Vogt-Roberts definitely has potential. The Kings of Summer is evident of that. And as stated before, this is both a beautiful film and one that flashes some brilliant camera and editing work. But simply sticking the film in the 1970’s doesn’t allow it to escape being too much like Godzilla and Jurassic World when it comes to structure.
10. Establishes no excitement for the future
Kong: Skull Island deserves some recognition for making itself seem like it could play as a one-off film. But despite keeping the focus on this movie alone and not trying to put too many toes in the waters of the next MonsterVerse film, it doesn’t necessarily boost its outlook.
No one’s desperately waiting for Godzilla 2 now any more than they already were. And they’ll have to wait two years for that film, only to wait another year for Kong to fight him. Any anticipation from that after-credits scene will be a mute topic by then.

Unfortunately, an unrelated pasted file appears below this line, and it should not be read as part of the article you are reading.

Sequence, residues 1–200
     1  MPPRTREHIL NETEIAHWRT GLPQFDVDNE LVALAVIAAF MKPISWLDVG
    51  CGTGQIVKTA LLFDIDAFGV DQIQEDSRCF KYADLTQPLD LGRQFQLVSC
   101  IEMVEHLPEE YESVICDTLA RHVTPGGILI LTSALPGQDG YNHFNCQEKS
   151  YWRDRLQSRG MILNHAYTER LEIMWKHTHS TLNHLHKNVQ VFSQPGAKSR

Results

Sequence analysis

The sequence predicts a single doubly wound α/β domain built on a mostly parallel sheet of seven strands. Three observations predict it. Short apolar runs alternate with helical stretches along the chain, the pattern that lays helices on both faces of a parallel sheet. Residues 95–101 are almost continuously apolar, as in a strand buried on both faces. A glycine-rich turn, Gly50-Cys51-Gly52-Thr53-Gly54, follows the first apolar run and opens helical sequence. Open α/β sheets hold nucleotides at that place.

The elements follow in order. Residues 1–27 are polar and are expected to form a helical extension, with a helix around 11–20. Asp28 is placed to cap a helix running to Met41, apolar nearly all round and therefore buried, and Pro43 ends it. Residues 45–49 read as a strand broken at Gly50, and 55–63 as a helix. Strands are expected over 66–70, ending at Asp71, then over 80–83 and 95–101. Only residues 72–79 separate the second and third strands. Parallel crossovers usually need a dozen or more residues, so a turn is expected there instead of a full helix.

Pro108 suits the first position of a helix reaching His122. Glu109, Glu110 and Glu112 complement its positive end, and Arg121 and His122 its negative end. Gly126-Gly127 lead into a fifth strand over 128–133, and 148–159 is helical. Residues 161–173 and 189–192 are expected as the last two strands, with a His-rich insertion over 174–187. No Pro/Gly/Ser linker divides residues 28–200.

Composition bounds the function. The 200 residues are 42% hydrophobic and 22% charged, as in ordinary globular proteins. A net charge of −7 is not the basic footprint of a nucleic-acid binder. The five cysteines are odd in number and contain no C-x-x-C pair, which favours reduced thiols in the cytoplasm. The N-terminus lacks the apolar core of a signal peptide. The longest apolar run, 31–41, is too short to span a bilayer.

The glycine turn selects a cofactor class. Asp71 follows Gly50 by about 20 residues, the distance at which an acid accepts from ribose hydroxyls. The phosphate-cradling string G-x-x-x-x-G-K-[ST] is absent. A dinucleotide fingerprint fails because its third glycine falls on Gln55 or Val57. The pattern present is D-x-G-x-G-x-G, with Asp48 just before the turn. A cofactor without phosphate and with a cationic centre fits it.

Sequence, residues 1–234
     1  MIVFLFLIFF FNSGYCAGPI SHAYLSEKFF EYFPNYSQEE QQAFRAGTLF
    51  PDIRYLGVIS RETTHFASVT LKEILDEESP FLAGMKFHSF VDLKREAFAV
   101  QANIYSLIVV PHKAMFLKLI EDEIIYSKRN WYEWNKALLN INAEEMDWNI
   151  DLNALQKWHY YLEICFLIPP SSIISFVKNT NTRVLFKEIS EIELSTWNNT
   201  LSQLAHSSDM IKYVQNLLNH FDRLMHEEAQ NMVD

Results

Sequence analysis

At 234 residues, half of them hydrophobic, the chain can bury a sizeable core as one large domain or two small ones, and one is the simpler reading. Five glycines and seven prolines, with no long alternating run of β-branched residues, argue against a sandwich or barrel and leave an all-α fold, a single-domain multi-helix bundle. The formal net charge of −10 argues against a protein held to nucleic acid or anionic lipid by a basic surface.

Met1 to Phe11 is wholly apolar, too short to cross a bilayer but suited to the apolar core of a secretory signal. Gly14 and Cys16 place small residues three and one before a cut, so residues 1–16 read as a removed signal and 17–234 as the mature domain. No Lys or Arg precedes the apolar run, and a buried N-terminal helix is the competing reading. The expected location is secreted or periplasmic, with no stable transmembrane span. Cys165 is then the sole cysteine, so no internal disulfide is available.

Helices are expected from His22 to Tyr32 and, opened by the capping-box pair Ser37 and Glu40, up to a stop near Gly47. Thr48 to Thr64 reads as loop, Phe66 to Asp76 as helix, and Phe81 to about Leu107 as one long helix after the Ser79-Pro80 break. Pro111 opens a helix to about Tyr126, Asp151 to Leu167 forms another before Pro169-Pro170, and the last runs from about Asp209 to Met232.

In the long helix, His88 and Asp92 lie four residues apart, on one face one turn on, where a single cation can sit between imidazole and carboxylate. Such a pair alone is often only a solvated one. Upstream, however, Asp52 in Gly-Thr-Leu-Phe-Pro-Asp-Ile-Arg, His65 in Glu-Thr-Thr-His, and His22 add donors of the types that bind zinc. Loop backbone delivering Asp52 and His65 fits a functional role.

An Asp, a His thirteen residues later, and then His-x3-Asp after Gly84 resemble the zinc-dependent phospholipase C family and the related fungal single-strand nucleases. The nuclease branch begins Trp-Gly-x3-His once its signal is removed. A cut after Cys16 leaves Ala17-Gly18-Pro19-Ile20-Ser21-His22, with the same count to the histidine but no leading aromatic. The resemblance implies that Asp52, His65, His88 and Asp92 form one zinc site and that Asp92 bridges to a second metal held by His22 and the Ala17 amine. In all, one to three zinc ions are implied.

Sure, Universal has other monsters like The Mummy to go to, but more casual fans may get MonsterVerse and the Universal Monsters film series mixed up. Either way, they aren’t garnering a lot of anticipation for that film either, even with Tom Cruise involved.
Kong did even less than what Godzilla did for it. And the latter of the two barely surpassed the domestic totals of 22 Jump Street and Teenage Mutant Ninja Turtles. It was a good but not great draw with mixed audience reviews, and that’s exactly how Kong has been viewed.
Why the critics took it so easy on this film is another discussion. But it’s been out-grossed by a small-budget horror film and movies the weekend before and after its release. That goes to show that when this year is wrapped up, it’ll be lost in the shuffle.